Since, we are looking to get max excluding its own column, basically the output would have each row filled with the max from it, except for the max element position, for which we will need to fill in with the second largest value. As such, `argpartition`

seems would fit right in there. So, here's one solution with it -

```
def max_exclude_own_col(m):
out = np.full(m.shape, m.max(1, keepdims=True))
sidx = np.argpartition(-m,2,axis=1)
R = np.arange(len(sidx))
s0,s1 = sidx[:,0], sidx[:,1]
mask = m[R,s0]>m[R,s1]
L1c,L2c = np.where(mask,s0,s1), np.where(mask,s1,s0)
out[R,L1c] = m[R,L2c]
return out
```

### Benchmarking

Other working solution(s) for large arrays -

```
# @Alain T.'s soln
def max_accum(m):
fmax = np.maximum.accumulate(m,axis=1)
bmax = np.maximum.accumulate(m[:,::-1],axis=1)[:,::-1]
r = np.full(m.shape,np.min(m))
r[:,:-1] = np.maximum(r[:,:-1],bmax[:,1:])
r[:,1:] = np.maximum(r[:,1:],fmax[:,:-1])
return r
```

Using `benchit`

package (few benchmarking tools packaged together; disclaimer: I am its author) to benchmark proposed solutions.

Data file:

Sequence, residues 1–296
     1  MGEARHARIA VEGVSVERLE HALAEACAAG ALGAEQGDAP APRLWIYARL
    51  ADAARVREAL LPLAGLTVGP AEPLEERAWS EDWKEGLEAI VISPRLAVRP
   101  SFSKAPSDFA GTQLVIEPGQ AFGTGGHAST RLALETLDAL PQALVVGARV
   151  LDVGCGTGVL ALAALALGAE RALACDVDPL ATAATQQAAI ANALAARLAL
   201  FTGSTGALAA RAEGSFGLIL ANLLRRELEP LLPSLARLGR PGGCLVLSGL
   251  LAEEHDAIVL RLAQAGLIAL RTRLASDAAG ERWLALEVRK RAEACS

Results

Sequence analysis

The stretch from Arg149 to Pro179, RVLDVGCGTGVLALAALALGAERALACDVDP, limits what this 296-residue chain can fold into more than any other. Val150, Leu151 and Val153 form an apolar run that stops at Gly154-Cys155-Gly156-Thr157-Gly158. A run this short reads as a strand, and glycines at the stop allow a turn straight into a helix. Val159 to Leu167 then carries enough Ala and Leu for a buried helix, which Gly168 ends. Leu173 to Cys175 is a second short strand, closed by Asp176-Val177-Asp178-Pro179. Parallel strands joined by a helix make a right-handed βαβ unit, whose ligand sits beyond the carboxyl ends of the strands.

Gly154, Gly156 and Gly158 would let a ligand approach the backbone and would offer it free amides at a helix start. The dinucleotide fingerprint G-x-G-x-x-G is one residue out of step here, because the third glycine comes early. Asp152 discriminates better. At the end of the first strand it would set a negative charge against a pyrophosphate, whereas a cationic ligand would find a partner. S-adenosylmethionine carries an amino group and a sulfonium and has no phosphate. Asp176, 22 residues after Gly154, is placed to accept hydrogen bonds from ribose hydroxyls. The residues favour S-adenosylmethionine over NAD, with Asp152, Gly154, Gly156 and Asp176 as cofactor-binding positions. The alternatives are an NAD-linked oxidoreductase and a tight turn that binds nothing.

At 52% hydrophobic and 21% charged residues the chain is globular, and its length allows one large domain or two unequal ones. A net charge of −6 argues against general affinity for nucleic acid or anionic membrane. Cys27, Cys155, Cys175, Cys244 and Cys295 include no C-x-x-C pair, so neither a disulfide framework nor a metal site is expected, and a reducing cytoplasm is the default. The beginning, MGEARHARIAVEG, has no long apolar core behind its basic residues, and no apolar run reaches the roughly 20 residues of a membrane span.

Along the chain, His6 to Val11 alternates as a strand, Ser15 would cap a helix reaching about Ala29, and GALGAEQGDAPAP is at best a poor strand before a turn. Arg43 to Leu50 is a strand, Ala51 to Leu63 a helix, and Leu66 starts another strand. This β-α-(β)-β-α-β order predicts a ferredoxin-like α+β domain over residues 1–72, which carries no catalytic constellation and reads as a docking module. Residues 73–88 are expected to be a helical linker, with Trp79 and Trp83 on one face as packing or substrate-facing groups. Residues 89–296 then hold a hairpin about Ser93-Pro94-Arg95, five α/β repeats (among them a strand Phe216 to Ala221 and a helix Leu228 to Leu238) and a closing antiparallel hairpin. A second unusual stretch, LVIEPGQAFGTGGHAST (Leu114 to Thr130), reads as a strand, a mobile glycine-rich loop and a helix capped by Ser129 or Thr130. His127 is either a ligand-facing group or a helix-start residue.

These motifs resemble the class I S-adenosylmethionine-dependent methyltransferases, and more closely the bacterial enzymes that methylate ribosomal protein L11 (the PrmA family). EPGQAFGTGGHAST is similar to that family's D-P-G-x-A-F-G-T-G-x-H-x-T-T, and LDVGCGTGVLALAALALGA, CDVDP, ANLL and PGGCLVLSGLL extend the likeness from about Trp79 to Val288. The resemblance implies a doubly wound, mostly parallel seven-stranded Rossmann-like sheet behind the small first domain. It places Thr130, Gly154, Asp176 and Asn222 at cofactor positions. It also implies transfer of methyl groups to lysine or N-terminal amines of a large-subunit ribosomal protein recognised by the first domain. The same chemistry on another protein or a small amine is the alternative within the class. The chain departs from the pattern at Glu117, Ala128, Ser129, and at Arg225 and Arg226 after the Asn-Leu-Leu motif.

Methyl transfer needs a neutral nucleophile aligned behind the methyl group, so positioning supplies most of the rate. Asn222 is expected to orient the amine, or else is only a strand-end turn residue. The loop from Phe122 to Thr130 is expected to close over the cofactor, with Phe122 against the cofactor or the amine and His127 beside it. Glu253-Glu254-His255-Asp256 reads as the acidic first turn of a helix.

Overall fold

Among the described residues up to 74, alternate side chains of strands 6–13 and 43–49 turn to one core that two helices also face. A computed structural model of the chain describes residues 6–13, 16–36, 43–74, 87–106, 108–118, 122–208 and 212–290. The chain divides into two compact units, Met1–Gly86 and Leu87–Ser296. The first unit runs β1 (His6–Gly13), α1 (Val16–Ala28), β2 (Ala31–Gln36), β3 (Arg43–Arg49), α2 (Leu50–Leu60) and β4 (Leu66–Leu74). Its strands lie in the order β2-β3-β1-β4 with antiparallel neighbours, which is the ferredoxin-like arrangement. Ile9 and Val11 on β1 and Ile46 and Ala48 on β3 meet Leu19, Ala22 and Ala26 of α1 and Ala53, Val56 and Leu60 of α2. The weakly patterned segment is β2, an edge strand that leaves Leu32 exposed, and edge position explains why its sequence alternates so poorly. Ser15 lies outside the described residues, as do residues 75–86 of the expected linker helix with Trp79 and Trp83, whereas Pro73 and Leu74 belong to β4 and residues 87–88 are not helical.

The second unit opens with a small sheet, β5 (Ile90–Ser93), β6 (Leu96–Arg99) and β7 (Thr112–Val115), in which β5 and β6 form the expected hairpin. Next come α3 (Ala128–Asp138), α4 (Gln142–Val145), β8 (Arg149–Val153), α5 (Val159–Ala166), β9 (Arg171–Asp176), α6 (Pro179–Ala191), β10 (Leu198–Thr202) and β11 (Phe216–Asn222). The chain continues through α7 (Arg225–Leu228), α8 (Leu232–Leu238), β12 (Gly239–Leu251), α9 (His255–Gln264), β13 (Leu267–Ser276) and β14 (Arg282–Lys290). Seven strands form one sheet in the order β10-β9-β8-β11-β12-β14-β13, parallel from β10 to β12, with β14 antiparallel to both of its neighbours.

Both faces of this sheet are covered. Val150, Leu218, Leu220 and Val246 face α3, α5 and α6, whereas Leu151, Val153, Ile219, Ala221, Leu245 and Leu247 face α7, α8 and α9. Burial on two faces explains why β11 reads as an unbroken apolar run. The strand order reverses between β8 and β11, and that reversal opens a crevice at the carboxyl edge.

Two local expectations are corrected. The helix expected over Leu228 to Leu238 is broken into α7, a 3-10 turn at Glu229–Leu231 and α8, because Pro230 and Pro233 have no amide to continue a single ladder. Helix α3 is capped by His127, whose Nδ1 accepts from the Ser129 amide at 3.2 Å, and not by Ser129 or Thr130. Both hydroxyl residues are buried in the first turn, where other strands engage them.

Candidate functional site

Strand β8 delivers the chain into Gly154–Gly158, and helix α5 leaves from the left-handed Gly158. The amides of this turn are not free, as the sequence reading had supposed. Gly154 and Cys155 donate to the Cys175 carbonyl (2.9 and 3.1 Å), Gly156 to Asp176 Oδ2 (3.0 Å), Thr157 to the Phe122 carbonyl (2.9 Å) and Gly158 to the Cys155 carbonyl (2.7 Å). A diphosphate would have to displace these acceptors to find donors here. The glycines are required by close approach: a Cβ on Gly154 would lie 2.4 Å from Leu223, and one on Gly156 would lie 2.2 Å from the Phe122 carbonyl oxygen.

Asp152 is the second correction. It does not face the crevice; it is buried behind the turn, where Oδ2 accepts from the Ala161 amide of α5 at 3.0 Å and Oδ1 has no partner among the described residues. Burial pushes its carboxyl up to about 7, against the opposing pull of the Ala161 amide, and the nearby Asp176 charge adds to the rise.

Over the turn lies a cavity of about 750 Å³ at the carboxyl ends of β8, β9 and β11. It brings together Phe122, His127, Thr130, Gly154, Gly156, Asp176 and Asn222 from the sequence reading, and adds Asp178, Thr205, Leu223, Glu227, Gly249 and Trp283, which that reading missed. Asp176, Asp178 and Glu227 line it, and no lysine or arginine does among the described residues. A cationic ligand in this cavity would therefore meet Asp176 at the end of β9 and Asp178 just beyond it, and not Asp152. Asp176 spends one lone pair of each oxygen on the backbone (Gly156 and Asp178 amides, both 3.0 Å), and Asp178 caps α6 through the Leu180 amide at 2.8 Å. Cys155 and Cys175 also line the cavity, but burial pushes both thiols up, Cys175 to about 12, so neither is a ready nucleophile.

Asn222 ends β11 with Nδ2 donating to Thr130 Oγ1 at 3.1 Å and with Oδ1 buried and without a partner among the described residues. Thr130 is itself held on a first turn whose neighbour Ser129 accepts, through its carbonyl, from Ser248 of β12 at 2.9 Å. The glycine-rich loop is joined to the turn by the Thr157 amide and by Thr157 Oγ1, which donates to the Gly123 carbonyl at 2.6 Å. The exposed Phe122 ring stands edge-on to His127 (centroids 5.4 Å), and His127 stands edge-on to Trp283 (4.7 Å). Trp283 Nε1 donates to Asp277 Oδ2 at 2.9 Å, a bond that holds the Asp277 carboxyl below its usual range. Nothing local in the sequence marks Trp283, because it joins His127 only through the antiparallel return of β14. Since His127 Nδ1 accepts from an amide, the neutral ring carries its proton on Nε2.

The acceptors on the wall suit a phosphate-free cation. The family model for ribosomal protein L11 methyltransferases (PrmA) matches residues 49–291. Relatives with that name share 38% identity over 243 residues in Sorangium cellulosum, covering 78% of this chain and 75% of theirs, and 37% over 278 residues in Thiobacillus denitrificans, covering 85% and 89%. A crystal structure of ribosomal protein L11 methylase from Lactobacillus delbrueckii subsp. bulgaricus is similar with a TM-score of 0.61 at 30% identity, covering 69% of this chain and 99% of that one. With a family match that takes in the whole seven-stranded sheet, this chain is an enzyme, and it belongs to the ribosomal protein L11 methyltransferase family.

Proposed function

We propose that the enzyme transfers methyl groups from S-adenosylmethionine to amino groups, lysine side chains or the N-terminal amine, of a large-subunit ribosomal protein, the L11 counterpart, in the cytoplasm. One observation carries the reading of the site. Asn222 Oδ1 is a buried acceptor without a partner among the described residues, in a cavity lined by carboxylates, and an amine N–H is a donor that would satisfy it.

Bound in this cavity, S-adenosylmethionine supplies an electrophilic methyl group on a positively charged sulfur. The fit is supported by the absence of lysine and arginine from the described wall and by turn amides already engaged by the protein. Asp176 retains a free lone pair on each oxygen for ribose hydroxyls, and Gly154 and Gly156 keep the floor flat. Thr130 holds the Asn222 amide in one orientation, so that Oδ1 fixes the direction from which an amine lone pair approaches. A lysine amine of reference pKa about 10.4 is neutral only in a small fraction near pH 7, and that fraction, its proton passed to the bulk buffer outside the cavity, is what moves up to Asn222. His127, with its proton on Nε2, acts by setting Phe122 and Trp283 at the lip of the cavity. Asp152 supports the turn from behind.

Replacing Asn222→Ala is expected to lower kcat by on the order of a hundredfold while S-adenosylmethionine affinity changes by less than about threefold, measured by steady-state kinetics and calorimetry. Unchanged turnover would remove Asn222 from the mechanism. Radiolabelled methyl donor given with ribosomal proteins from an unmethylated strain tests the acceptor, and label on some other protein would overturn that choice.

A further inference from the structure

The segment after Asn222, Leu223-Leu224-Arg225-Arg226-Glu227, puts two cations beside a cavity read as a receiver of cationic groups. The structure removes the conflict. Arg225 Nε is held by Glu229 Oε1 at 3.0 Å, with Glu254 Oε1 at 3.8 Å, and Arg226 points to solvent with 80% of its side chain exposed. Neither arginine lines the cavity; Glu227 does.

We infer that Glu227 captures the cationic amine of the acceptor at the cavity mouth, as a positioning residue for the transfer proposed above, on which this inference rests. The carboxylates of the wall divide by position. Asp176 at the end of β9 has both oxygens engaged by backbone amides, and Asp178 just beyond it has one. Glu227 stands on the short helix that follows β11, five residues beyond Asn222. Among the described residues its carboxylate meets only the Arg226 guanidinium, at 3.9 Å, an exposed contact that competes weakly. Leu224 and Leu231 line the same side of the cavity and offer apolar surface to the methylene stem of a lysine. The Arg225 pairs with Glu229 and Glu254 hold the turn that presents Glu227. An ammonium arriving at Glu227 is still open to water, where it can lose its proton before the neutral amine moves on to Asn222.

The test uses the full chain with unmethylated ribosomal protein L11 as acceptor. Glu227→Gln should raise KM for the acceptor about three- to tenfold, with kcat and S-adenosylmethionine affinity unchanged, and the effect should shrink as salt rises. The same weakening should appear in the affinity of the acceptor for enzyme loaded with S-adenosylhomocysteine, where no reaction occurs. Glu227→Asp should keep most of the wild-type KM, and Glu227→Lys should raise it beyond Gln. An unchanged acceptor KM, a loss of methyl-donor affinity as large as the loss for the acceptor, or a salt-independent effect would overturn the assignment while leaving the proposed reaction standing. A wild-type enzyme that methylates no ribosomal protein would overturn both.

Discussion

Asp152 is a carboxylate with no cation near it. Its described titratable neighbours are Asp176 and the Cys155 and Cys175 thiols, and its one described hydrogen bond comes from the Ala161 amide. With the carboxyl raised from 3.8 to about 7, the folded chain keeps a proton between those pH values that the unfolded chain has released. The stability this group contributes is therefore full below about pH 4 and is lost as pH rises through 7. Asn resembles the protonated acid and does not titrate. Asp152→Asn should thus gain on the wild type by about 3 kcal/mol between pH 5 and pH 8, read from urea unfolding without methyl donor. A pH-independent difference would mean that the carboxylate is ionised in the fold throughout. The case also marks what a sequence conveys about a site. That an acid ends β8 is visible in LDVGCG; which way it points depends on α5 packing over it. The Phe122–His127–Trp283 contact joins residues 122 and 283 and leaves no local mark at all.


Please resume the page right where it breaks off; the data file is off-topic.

So, we will test out with large arrays of various shapes for timings and speedups -

```
In [54]: import benchit
In [55]: funcs = [max_exclude_own_col, max_accum]
In [170]: inputs = [np.random.randint(0,100,(100000,n)) for n in [10, 20, 50, 100, 200, 500]]
In [171]: T = benchit.timings(funcs, inputs, indexby='shape')
In [172]: T
Out[172]:
Functions max_exclude_own_col max_accum
Shape
100000x10 0.017721 0.014580
100000x20 0.028078 0.028124
100000x50 0.056355 0.089285
100000x100 0.103563 0.200085
100000x200 0.188760 0.407956
100000x500 0.439726 0.976510
# Speedups with max_exclude_own_col over max_accum
In [173]: T.speedups(ref_func_by_index=1)
Out[173]:
Functions max_exclude_own_col Ref:max_accum
Shape
100000x10 0.822783 1.0
100000x20 1.001660 1.0
100000x50 1.584334 1.0
100000x100 1.932017 1.0
100000x200 2.161241 1.0
100000x500 2.220725 1.0
```